Journey Together Service Dog Inc. is a 501(c)(3) nonprofit charitable organization run by a group of dedicated volunteers who find satisfaction in providing highly trained service dogs to people diagnosed with Post Traumatic Stress Disorder (PTSD). Based in Oshkosh, Wisconsin, we place dogs with qualified WISCONSIN residents who are 18 years or older.
Journey has been training dogs at Oshkosh Correctional Institution (OSCI), since October 2015. Originally there was a guide dog training program at the prison. We had many inquires for PTSD service dogs so we started Journey to meet that need. Our dogs can be placed with a wide variety of people such as Veterans, Police, Fire Fighters, Emergency Medical personnel, and victims of crime. I am one of the four trainers who go into OSCI to work with over 40 inmates and 16 dogs.
Inmates raise and train the dogs from 8 weeks old until the dogs are placed with a client at 2 years old. We match dogs with a person based on their activity level and if they have allergies. Other aspects that effect placement is if the client has a fenced-in yard and if they have kids or additional pets in the house. In order to assure the best fit, we try the client out with a few dogs. After a client is chosen we ask what their triggers are, then the director of training comes up with a plan to train the dog for those needs.
During training, Journey dogs reside at OSCI, where inmates apply to become dog handlers. While volunteering with our program, inmates will work a job at the prison or attend school classes. Each inmate will share his cell with another handler and their assigned dog. The inmates have to feed, and potty the dogs. They also do all the grooming of the dogs, including the brushing, bathing, haircuts, toenail trims, teeth brushing, and ear cleaning. On top of that, obedience training and exercise is practiced daily.
Until the dogs are placed, volunteer socializers take our dogs on outings in the public. I started out as a socializer. As our program grew and we had more inmates and dogs, I was asked to help train the inmates. I also help train the socializers and organize group outings to places I am planning on going. On these outings, the dogs gain the experience necessary for them to be effective service dogs. Some of the best places for us to visit while training service dogs are farmers markets, stores and restaurants.
Many of our socializers love dogs so much that they help train Journey dogs even though they have dogs of their own. Other socializers travel a lot and don’t have the time necessary to raise a dog of their own. Instead, these socializers work with the dogs in public places and take them home for the weekend to work on home skills. Some volunteers want to help but can’t have dogs where they live. In these cases, the volunteer takes the dog out on 2 to 6 hour trips to help them gain experience in public settings.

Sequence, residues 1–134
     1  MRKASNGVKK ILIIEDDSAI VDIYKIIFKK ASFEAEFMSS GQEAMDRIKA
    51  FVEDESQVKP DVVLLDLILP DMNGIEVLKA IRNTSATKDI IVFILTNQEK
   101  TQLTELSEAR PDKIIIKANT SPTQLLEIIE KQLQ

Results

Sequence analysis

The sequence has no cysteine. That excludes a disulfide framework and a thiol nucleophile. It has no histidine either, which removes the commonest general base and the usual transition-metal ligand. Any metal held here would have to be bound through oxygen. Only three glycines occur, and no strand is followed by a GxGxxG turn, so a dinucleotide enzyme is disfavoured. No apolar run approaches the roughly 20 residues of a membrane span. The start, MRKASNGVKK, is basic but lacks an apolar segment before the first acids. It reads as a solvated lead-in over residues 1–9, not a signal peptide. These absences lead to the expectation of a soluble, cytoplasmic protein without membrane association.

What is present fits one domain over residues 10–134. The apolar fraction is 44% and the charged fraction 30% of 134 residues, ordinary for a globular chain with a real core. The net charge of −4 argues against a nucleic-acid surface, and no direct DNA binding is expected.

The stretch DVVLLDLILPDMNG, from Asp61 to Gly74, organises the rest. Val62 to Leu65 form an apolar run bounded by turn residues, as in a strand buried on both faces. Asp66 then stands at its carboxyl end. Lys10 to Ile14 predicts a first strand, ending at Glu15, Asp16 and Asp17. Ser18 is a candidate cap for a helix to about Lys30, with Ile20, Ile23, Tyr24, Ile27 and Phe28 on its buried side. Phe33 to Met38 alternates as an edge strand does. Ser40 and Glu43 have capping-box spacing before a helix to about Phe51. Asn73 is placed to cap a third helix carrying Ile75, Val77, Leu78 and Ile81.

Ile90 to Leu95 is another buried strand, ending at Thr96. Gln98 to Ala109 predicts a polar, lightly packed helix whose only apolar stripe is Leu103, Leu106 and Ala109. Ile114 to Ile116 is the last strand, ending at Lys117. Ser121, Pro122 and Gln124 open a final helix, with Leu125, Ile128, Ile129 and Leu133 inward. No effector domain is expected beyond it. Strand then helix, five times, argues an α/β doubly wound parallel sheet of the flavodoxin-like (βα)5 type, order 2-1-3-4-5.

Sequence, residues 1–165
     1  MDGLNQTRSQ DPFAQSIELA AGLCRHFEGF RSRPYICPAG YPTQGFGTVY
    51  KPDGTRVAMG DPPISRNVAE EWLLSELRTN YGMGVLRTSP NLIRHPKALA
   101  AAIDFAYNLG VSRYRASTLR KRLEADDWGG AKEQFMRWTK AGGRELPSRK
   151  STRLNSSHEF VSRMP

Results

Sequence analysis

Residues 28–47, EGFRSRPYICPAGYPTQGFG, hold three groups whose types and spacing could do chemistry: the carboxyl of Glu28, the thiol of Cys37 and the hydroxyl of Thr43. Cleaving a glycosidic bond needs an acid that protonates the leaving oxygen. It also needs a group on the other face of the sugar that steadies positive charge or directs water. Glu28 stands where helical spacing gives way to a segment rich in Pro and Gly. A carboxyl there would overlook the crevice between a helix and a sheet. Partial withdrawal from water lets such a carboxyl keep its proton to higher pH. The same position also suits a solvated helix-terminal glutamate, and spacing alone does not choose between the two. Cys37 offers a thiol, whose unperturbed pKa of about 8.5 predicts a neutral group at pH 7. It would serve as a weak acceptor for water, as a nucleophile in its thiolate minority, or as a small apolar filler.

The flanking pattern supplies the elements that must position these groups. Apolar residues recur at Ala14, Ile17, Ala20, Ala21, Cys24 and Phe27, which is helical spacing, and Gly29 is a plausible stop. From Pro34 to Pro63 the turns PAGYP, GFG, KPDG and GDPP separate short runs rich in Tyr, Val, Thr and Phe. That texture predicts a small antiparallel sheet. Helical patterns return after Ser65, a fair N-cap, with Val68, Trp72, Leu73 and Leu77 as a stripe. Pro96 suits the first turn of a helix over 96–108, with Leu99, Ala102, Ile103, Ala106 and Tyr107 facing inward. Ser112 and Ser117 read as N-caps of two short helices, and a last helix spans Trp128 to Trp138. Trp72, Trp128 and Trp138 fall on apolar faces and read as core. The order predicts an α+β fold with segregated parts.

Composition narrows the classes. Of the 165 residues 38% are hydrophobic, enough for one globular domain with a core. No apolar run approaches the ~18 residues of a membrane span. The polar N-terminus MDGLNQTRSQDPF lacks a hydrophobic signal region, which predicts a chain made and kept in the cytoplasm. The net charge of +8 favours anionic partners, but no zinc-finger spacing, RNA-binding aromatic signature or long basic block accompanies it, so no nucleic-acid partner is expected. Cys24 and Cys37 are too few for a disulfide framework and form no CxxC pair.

Before I was asked to help train service dogs, I trained my dog to be a therapy dog. We would go to hospitals and nursing homes where my dog and I were signed up as a volunteer team. A therapy dog’s job is to be pet by the people they are visiting at the places where they volunteer. I had my therapy dog wear a stretchy ribbon necklace to indicate he was there to have fun and be pet by people. Opposite of this, a service dog wears a highly-visible vest to indicate that it is providing a service to the person holding the leash.
While on these outings, service dogs should not be approached, talked to, or pet. If the dog is distracted by the new attention, he could miss queues to help his handler. These high-stress moments, filled with loud noise and lots of people, are exactly when our dogs need to do the job they are trained for. If you see a service dog while they are wearing their vest, please do not distract them from their important work.
In order to continue placing service dogs with clients, Journey Together Service Dog Inc. is completely dependent upon donations from the public. All funds go directly toward the costs of raising, training and placing the dogs with someone suffering from PTSD.
For more information about our organization or how you can help, please check out our website at journeytogetherservicedog.org.
- To donate, our address is provided on the “How to Help & Supporters” tab
- To apply for a PTSD dog, Click on the blue and yellow icon on the “About Us” tab to download the Service Dog Application
- To become a dog socializer, click on the blue and yellow icon on the “How to Help & Supporters” tab to download the Socializer Application
- To see our Dogs in Training, Graduated Service Dogs and Facilities Dogs, click on the “Meet Our Dogs” tab
If you would like to watch our service dogs grow up, please visit us on Facebook.
For a glimpse into the changes this program makes for the inmates in our program, please watch the TedXOshkosh talk on YouTube.
By Shari Krause